The raccoons have emerged from hibernation and already one spotted wandering erratically on Beaver Street was confirmed as rabid.
Gloversville Police spokesman Capt. James Lorenzoni said Animal Control Officer Kelly Warner was dispatched to Beaver Street Monday and was unable to capture the animal when it entered an abandoned house. She returned Tuesday and found the animal dead. She submitted it for testing, and on Wednesday the state laboratory reported finding rabies.
Lorenzoni said it was the first case of rabies in the city this year.
State Health Department spokesman Jeffrey W. Hammond referred a reporter to the department’s Web site, where data by year and county and by animal species is available to the public.
While the number of cases has dropped significantly since the state’s raccoon rabies epidemic reached its peak in 1993 (2,747 confirmed cases), Hammond said the department recommends residents avoid contact with wild animals, but report any to local health authorities.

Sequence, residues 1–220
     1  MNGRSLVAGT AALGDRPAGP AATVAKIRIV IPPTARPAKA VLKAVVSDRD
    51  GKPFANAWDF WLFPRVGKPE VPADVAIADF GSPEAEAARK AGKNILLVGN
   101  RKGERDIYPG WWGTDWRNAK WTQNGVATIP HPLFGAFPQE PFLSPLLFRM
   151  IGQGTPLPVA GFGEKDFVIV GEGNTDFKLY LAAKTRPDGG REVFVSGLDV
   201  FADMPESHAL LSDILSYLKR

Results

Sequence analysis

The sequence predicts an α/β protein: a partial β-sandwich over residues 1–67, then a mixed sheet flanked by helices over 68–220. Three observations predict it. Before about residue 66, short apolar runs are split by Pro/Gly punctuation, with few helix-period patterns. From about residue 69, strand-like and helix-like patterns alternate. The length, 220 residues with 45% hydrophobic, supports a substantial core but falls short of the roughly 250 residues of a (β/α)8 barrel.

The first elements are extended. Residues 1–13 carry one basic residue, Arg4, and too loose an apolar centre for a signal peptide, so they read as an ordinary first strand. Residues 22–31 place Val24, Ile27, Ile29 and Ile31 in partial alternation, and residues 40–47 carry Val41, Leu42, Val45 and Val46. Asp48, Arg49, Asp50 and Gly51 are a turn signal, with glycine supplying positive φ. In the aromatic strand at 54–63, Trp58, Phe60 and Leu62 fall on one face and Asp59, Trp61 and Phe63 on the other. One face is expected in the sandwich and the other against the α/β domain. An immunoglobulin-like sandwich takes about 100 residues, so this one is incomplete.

According to Health Department statistics, there were three confirmed rabies cases in raccoons in January in Albany County, where one case was also confirmed in a horse. The only other confirmations in the region for January were one raccoon in each of Rensselaer, Greene and Columbia counties. One cat was tested in Fulton County, but it was cleared.
Data for 2009 was not available on the department Web site, but in 2008 the state lab found rabies in 498 animals including in 263 raccoons spread among 49 counties, 112 bats originating in 44 counties, 63 skunks, 24 cats, 20 fox, six cows, four woodchucks, two deer, a horse, a dog, a rabbit and a coyote.
Lorenzoni said the department is warning residents to ensure that all pets are properly vaccinated. Anyone observing wild animals acting strangely has been advised to report it.
Categories: Schenectady County